Note that framework does not generally recommend that non-serialisable values such as Date objects are stored in models, although this can be done at your own risk. See the section on working with non-serialisable models for more information.

Invertibility: Partly invertible via fluid.transforms.stringToDate.

Syntax:

{
    "transform": {
        "type": "fluid.transforms.dateTimeToString",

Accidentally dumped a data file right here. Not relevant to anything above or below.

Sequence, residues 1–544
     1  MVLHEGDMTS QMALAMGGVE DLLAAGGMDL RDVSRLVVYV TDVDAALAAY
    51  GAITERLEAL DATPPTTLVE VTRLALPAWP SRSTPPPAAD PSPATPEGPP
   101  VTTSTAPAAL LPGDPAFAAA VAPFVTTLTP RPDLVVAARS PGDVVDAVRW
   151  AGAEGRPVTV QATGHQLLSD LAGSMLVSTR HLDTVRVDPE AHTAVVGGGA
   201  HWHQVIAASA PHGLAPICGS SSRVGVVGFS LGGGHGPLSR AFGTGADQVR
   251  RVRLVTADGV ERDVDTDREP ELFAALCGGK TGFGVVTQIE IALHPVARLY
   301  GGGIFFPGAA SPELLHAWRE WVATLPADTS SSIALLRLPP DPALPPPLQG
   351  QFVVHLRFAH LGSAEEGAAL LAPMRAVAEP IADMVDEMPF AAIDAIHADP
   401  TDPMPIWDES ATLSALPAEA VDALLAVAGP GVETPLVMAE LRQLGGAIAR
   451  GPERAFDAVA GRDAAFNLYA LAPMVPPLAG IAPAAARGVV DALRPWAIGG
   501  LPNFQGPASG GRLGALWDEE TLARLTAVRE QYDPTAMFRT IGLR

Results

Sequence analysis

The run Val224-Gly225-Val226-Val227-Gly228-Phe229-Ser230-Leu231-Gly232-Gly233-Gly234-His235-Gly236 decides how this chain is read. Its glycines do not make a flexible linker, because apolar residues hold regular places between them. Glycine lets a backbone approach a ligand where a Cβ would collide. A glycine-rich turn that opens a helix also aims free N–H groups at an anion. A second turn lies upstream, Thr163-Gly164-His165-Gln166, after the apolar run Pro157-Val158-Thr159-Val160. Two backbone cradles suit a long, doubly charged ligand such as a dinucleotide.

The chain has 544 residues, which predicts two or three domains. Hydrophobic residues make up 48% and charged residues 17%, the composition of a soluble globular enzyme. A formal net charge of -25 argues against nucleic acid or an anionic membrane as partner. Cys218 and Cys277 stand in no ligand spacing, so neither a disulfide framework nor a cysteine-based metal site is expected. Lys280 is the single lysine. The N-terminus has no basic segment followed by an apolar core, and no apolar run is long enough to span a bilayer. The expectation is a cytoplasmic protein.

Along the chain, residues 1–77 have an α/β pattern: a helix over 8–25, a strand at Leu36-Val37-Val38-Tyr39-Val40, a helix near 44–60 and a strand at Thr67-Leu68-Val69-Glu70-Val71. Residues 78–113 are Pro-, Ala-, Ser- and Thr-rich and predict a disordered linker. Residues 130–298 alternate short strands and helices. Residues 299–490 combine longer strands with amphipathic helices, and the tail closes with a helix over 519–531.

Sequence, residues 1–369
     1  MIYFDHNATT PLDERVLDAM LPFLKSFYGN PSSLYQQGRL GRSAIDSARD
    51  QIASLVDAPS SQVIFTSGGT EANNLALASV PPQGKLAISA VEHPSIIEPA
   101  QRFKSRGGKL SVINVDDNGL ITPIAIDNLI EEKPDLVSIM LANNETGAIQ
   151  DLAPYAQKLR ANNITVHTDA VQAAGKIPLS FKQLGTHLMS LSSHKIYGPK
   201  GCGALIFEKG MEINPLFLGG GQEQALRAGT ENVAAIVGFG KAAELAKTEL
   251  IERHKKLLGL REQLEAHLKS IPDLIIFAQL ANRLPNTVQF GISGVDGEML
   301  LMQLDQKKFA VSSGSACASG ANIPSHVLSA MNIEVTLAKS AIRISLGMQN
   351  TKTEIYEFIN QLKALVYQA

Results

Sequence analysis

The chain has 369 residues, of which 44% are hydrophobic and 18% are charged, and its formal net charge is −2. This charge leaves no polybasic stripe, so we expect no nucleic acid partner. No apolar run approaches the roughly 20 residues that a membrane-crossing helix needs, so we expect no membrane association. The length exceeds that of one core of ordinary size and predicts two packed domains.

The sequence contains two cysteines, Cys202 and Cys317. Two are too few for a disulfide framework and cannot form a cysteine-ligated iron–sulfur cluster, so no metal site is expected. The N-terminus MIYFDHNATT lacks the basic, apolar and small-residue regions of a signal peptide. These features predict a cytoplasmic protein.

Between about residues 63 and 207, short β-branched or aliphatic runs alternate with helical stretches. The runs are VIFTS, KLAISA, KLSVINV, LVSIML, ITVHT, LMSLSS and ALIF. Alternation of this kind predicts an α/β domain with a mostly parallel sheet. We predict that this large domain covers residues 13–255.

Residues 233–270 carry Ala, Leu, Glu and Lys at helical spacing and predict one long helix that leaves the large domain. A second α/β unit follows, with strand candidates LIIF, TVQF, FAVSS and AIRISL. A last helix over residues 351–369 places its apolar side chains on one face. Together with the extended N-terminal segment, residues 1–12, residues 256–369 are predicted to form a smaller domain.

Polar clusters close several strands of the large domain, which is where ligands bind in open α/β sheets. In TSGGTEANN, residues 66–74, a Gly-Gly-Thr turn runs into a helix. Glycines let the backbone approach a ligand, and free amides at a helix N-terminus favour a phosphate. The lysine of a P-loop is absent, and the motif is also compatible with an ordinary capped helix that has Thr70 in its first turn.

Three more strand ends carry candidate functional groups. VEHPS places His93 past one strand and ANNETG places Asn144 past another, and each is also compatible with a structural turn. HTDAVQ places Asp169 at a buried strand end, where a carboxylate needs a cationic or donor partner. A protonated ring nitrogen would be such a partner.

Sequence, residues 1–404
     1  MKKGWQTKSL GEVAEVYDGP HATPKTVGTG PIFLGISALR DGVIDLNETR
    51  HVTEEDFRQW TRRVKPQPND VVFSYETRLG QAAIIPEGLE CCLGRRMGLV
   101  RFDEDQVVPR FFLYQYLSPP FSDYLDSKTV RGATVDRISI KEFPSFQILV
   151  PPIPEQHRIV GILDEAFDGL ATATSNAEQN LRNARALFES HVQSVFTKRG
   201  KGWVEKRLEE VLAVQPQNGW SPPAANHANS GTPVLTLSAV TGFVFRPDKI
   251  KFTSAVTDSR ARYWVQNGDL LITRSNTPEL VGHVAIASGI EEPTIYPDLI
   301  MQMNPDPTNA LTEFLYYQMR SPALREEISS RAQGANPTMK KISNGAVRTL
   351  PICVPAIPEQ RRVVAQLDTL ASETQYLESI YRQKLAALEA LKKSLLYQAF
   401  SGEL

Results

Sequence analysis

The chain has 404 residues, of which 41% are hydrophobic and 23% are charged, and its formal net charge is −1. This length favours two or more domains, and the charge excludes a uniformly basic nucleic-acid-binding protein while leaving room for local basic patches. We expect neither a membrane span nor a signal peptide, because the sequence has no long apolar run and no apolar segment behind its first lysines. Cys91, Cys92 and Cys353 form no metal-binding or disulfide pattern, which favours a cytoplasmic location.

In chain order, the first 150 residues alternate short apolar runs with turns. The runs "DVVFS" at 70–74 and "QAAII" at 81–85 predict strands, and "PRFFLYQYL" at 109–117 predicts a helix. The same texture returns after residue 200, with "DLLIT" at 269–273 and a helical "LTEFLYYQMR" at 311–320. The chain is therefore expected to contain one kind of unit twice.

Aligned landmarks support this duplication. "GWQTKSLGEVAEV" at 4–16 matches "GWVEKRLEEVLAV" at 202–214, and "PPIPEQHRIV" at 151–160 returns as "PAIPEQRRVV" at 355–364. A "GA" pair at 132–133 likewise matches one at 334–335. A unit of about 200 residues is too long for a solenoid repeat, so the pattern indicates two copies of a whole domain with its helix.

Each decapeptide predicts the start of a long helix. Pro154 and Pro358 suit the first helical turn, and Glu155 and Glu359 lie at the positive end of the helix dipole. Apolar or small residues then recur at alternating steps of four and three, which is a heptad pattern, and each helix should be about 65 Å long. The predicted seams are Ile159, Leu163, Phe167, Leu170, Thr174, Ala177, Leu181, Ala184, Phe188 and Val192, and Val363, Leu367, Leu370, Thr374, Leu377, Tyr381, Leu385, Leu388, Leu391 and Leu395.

"inputPath": "dateTime",
        "outputPath": "string"
    }
}

Examples:

Example 1: Convert a Date object into a string.

sourceruleOutput

{
    "date": // A javascript Date object
}

{
    "transform": {
        "type": "fluid.transforms.dateTimeToString",
        "inputPath": "object",
        "outputPath": "string"
    }
}

{
    "string": "2016-11-23T15:28:19.052Z"
}